CRAIG F. WALKER/GLOBE STAFF/FILE
BOSTON CAN’T SAY it wasn’t warned about the worrisome diversity gap in the Boston Fire Department. When a court struck down the department’s old hiring system in 2003, ending a consent decree that had enforced rough racial equity, a disappointed civil rights advocate put the city on notice: “In 20 years, if no other mechanism is put in place, the department is going to go back to what it was in the ’80s — it’ll be 90 percent white.”
One of the most distressing takeaways from the NAACP’s scathing report card on Mayor Walsh’s first four years is that the backsliding predicted back then has actually happened. Boston is retreating on diversity in the fire department, with a declining number of black firefighters, and paltry numbers of Latino and Asian firefighters.
The number of black firefighters has fallen 28 percent since 2000, the NAACP found. Out of about 1,600 employees in the fire department, only 315 are black. According to the city’s diversity dashboard, 85 percent of new firefighters hired during Walsh’s administration have been white. Meanwhile, the city itself has become more racially diverse, making the disparities in the fire department ever starker.
It’s not as if the Walsh administration has done nothing: Commissioner Joseph Finn hired the department’s first diversity officer and has teamed up with Action for Boston Community Development to create a teen academy to interest high schoolers in firefighting. The city is also making use of an optional language preference for Spanish and Haitian Creole speakers, a welcome shift that should yield greater language diversity.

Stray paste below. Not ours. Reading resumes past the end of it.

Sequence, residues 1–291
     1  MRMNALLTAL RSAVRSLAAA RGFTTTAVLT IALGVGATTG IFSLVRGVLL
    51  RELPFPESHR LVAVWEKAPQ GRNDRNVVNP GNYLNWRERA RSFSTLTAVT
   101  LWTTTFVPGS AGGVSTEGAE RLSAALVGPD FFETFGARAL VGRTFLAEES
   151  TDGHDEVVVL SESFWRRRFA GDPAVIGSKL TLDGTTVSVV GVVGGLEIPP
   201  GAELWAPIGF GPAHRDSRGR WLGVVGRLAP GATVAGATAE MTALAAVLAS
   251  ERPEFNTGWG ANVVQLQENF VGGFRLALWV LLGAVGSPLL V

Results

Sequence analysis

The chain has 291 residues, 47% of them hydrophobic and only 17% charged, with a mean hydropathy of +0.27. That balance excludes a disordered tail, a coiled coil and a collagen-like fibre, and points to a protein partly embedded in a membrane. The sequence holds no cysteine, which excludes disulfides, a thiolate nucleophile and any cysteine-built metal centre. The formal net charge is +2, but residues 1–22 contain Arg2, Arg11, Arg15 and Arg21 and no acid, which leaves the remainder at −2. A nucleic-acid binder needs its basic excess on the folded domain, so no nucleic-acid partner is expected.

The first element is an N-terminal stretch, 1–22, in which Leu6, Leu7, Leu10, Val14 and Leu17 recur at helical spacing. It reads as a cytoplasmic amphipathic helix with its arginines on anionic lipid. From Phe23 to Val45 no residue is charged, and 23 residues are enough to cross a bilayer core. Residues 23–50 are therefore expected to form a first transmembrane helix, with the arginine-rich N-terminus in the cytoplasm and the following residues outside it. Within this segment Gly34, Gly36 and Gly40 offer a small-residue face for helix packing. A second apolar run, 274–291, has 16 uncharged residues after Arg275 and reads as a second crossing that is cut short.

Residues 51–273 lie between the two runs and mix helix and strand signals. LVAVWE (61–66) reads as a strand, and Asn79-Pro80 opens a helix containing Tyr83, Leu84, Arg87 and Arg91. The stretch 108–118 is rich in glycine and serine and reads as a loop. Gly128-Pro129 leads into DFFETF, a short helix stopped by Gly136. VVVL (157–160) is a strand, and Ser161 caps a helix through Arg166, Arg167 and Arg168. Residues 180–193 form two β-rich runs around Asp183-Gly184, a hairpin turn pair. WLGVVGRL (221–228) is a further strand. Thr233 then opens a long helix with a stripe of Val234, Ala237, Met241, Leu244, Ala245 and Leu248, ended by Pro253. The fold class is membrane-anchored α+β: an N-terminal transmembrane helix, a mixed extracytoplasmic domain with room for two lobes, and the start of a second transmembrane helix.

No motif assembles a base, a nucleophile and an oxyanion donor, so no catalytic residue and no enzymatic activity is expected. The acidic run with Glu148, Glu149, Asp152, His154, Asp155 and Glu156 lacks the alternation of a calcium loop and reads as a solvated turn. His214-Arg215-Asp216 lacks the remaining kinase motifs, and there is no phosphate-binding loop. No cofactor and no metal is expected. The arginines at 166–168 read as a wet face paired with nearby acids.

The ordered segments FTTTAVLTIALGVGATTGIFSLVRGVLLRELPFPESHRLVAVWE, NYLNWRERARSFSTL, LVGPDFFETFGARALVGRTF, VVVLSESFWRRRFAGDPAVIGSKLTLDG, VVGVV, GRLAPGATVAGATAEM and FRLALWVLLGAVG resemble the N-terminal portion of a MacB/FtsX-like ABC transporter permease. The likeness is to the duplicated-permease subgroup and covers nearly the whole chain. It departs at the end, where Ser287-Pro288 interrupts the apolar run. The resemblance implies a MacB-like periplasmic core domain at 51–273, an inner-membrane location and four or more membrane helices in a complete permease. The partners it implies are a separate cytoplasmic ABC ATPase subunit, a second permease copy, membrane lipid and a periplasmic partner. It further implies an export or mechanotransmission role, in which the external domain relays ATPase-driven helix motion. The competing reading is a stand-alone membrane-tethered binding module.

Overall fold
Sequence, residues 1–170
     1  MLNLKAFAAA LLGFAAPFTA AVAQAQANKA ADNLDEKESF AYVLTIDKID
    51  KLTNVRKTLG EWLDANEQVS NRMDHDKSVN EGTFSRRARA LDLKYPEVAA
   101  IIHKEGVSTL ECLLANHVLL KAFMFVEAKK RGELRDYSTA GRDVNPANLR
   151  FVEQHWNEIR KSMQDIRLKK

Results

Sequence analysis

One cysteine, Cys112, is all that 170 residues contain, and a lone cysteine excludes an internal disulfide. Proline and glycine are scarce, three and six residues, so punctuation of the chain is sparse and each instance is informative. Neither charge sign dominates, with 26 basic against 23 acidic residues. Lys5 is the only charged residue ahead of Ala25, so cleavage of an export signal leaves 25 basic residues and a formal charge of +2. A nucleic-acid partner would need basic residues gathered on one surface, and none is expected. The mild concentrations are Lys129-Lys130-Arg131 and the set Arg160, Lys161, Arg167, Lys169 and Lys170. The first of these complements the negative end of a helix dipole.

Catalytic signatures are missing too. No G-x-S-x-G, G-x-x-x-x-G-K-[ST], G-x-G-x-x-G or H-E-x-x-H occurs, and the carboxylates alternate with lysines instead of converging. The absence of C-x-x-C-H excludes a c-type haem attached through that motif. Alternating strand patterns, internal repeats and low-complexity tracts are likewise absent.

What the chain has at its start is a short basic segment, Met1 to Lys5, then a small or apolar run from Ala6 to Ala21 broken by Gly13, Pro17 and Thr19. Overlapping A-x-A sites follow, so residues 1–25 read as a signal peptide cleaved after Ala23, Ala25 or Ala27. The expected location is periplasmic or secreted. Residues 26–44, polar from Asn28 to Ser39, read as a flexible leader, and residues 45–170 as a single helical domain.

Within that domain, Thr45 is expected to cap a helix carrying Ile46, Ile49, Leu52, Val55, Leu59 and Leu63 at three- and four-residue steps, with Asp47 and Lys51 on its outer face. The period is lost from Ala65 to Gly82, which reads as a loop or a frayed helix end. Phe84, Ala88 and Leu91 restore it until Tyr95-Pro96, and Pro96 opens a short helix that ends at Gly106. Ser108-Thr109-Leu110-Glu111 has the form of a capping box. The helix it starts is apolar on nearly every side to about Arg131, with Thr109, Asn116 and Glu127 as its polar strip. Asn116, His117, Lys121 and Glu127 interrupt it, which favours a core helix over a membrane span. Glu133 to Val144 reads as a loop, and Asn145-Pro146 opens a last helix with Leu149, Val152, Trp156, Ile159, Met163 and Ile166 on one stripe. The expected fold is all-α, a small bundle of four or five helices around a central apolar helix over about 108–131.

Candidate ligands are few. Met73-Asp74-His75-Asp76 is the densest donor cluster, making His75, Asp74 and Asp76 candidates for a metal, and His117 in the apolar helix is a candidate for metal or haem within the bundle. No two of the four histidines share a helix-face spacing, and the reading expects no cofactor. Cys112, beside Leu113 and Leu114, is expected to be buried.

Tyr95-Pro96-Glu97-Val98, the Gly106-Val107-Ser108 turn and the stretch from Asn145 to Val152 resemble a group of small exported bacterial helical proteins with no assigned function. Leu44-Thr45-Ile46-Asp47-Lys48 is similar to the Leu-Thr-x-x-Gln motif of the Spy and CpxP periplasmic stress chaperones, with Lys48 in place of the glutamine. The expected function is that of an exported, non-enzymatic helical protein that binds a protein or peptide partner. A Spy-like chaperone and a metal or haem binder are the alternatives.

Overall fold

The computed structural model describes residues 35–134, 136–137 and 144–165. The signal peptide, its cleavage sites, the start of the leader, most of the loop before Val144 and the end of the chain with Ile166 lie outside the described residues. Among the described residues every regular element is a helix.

But the hiring system itself needs reform, and Walsh could use his clout on Beacon Hill to bring state civil service rules in line with the city’s needs. The current system is not fair to qualified residents who are boxed out of jobs. And if that’s not reason enough, the mayor should consider the likely consequence: If the city doesn’t turn its hiring numbers around fast, another discrimination lawsuit could be coming.
Under the existing rules, veterans get such a huge boost that it’s virtually impossible to become a Boston firefighter without serving in the military first. That rule enjoys broad political support. There are ways to change the rules while maintaining some veterans preference, but it will take leadership by Walsh to shepherd potentially controversial proposals through Beacon Hill.
One reform — tightening residency requirements from one year to three years — has been banging around the City Council for the last few years. That adjustment would make it harder for out-of-town vets to establish a Boston residence and then leapfrog to the front of the line. Rumors abound of applicants establishing “mattress” addresses in Boston, a ruse that would be harder to pull off if the city required three years of residency.
Another solution would be to establish a cadet program for aspiring firefighters, like the Police Department’s. City councilor Andrea Campbell has been looking into a cadet program with now-retired councilor Bill Linehan, but creating one would also require the Legislature’s approval, and the idea has sparked protests from veterans groups, who are worried it would dilute the veterans preference. In an interview, Campbell lauded veterans, but said, “I don’t think that should be the only way to be a firefighter in the City of Boston.”
Civil rights groups have hinted that if the department’s numbers don’t improve, they might resort to a lawsuit. That could be a costly and disruptive fight that the mayor should try to avoid. Walsh didn’t create the diversity problem in the fire department, but if he’s reelected, he needs to place a greater emphasis on solving it.
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